Atlas’ O-scale F9
While many of the selections in the early-1970s Atlas O-scale line featured counterparts offered by Roco in other scales, the F9A diesel was a unique tooling not duplicated elsewhere. By contrast, the 40-foot plug-door boxcar and wide-vision caboose could be found in AHM’s line as Roco-made models in HO. The plug-door boxcar also had an N-scale equivalent at the time. For collectors who don’t dabble outside their scale of choice, I highly recommend seeking out same-tooling models appearing in other scales as curiosities for your collection.
Packaging for Atlas O-scale included a white cardboard box with black and red lettering. An Atlas logo, included on all boxes, featured the face of an F-unit with Pennsylvania Railroad stripes on its nose with the hobby manufacturer’s name in all lower case red letters. This design contrasted with a steam locomotive face in a similar design used for Atlas N-scale of the day and the EMD GP or SD nose featured on HO packaging of this same vintage. Purchasers received diesel models packed in a foam tray inside the window-display white Atlas box. Freight cars came in similar boxes but secured with cardboard cutout liners.
The F9A diesel model retailed for $30 and was a powered release only. Road names for Atlas’ F9A included Burlington Northern (#6102), Chesapeake & Ohio (#6103), Santa Fe (#6101), and Union Pacific (#6104). The newest livery produced for this F9A was the Cascade Green Burlington Northern scheme. The appearance included the “hockey stick” early example of Burlington Northern’s 1970 debut colors. The other offerings, (Chesapeake & Ohio (blue-and-yellow), Santa Fe (Passenger Warbonnet), and Union Pacific, featured older liveries dating from the 1940s. No additions to the F9A’s roster came during the model’s time with Atlas.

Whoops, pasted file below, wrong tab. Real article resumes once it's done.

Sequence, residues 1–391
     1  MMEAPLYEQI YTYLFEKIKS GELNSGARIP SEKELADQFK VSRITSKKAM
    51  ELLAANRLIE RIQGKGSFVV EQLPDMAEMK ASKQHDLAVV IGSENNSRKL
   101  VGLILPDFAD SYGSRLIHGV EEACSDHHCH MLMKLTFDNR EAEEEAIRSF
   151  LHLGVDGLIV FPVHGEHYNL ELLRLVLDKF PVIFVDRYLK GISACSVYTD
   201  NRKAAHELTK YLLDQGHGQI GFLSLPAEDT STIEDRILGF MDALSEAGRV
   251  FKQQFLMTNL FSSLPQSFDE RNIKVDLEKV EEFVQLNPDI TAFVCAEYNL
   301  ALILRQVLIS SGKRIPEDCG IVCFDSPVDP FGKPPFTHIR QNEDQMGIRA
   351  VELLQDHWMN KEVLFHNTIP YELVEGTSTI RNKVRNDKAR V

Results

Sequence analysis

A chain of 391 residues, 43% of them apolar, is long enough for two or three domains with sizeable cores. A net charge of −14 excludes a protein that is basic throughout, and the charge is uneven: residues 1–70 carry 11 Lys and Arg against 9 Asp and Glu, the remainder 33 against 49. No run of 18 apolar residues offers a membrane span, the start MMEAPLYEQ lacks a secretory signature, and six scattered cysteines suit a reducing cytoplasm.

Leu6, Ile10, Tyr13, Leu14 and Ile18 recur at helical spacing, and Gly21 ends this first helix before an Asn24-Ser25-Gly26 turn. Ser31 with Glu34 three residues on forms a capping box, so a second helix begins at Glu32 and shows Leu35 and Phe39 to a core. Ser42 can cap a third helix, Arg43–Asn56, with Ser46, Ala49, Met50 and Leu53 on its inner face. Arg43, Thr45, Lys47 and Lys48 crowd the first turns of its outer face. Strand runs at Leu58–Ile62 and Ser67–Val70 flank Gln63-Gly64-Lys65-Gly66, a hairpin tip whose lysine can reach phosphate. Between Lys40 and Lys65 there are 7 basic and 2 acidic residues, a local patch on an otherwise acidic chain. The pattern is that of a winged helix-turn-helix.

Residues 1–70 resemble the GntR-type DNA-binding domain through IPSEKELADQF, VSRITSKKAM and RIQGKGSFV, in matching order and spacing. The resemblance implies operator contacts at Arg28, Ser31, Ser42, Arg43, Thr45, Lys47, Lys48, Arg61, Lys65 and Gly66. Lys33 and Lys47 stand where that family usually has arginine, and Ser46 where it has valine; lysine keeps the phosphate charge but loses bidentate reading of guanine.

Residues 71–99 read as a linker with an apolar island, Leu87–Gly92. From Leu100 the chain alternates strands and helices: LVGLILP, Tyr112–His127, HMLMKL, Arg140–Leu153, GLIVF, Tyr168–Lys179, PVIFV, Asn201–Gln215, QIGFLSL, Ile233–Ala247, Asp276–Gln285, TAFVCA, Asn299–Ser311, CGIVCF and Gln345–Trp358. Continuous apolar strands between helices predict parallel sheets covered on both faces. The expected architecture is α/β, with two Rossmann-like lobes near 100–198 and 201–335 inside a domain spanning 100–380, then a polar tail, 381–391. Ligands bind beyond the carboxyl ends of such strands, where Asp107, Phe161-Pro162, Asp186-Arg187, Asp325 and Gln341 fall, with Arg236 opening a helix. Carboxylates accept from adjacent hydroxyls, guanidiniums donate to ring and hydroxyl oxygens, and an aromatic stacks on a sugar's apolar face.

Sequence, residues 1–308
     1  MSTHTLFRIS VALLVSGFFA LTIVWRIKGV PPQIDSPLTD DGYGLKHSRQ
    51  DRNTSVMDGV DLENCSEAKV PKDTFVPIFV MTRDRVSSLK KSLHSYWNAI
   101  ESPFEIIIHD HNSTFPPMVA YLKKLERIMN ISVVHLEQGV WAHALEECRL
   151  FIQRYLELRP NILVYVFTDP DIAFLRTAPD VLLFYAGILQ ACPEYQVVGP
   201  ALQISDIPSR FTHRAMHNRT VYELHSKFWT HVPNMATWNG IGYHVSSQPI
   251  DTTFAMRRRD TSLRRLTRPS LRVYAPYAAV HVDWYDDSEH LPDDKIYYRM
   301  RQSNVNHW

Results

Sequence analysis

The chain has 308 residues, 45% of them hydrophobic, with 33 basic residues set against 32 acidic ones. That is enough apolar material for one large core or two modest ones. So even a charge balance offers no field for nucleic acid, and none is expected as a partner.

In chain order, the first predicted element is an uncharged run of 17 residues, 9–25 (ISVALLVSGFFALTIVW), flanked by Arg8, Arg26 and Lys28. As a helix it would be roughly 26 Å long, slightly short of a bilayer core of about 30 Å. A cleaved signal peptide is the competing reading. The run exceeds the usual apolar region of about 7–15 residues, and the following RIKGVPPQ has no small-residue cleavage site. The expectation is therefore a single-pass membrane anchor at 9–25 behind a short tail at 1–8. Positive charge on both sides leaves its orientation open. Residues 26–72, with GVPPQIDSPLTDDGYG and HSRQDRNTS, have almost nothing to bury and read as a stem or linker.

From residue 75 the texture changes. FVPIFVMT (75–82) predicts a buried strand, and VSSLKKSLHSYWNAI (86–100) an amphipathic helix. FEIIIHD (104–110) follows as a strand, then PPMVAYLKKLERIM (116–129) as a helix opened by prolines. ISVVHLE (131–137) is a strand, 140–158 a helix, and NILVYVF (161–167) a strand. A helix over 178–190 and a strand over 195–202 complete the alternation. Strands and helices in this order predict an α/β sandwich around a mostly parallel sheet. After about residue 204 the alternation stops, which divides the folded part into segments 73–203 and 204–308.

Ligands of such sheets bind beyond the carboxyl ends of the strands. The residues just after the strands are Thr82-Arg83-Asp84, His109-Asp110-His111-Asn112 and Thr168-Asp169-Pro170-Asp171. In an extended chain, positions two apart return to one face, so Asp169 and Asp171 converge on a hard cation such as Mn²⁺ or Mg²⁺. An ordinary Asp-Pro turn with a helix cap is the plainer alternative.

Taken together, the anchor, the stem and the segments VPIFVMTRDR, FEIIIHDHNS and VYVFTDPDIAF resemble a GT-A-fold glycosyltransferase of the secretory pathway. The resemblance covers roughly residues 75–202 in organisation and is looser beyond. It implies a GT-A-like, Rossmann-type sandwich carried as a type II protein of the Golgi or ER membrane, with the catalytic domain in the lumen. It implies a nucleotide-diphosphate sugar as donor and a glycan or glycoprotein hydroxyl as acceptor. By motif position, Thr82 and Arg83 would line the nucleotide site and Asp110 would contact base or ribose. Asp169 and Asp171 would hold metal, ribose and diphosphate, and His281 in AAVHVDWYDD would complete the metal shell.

The F9 shell was essentially a single-piece effort with handrails and grab irons molded on the shell. A close examination of the nose reveals seams between the classification lights and number boards. Those lines stop on the inner edges of the number boards and run straight down the nose facing. This design is similar to Kato’s approach to F-units in N scale, as well as ones built originally for Stewart Hobbies in HO that now reside in Bowser’s line. Those lines provide some insight into the sections or “slides” that made up the mold to create plastic models. The F9 features twin headlights, 48-inch dynamic brake, and steam generator details on its shell. Clear inserts appeared in the headlights, number boards, and windshield and side cab windows. The portholes on the unit’s side and rear door included no clear plastic window material. Two single-bell air horns reside on the top of the cab roof. These were separate plastic details provided to the model in a raw milky-gray-black hue. This raw plastic for details extended to ladders, handrails, and smoke stacks on rolling stock.